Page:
1. Wheelchair Accessible Parking: Designated parking spaces close to the trailhead with sufficient space for wheelchair users to enter and exit their vehicles.
2. Accessible Trailhead: A level and paved area at the beginning of the trail, allowing wheelchair users to easily access the trail.
3. Wide and Paved Trail: The trail is wide enough and paved, providing a smooth surface for wheelchair users to navigate.
4. Gradual Slopes: The trail has gentle slopes, making it easier for wheelchair users to traverse.
5. Rest Areas with Benches: Regularly spaced benches along the trail, providing resting spots for wheelchair users.
6. Accessible Restrooms: Restrooms equipped with accessible features such as grab bars and wider doorways.
7. Signage with Braille: Trail signage includes Braille, allowing visually impaired individuals to access information.
8. Accessible Picnic Areas: Picnic areas with accessible tables and seating options for wheelchair users.
9. Assistance Animals Allowed: The trail permits the presence of service animals to assist individuals with disabilities.
10. Accessible Water Fountain: A wheelchair-accessible water fountain is available along the trail for hydration needs.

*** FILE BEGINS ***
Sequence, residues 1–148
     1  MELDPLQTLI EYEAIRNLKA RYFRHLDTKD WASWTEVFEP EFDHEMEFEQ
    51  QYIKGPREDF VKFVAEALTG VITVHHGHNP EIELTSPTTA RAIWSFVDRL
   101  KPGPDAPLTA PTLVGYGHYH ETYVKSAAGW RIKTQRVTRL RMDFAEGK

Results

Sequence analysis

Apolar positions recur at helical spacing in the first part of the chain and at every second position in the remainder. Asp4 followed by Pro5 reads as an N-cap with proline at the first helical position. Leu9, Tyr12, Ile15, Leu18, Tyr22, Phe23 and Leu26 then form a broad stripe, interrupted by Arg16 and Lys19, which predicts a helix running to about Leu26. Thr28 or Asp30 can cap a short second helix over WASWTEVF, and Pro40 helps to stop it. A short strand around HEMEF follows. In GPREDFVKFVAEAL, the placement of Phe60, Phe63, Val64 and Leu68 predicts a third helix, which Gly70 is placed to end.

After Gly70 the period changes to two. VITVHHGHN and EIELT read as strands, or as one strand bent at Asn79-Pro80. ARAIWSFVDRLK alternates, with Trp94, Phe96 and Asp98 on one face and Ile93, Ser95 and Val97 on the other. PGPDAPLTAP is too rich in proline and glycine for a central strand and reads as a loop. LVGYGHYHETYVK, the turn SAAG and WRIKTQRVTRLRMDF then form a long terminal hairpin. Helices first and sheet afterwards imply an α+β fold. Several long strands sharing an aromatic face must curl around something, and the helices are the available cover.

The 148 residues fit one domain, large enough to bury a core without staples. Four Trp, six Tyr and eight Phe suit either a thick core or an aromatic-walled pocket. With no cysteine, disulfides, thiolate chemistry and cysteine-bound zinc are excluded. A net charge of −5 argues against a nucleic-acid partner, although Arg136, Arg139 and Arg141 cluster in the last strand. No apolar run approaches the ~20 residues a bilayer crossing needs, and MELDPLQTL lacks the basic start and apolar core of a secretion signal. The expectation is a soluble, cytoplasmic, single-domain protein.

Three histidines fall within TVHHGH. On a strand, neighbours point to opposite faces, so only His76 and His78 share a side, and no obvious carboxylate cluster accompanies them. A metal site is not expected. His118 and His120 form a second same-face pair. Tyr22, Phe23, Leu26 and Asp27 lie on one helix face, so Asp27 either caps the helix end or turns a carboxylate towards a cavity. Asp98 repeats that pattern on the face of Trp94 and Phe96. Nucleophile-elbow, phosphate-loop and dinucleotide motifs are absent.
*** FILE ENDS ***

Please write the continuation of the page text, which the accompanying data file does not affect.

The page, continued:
Safety Information

1. Trail Difficulty: The Sullivan Lake Trail is a moderately difficult trail with some steep sections and uneven terrain, requiring proper hiking gear and experience.
2. Weather Conditions: Be prepared for changing weather conditions, as the trail is located in a mountainous area where temperatures can drop rapidly and storms can occur.
3. Trail Length: The trail is approximately 8 miles long, so plan accordingly and allow enough time to complete the hike.
4. Wildlife Awareness: Keep an eye out for wildlife such as bears and mountain lions, and follow proper safety protocols if encountered.
5. Water Sources: Carry enough water for the duration of the hike, as there are limited water sources along the trail.
6. Navigation: Bring a map, compass, or GPS device to ensure you stay on the correct trail, as some sections may be less well-marked.
7. Trail Conditions: Check for recent trail conditions and closures before embarking on the hike, as maintenance or weather-related issues may affect accessibility.
8. Hiking in Groups: It is recommended to hike with a partner or in a group for safety and assistance in case of emergencies.
9. First Aid Kit: Carry a basic first aid kit with essentials like bandages, antiseptic, and pain relievers in case of minor injuries.
10. Emergency Preparedness: Inform someone about your hiking plans, carry a fully charged cell phone, and be prepared for emergencies with extra food, clothing, and emergency shelter.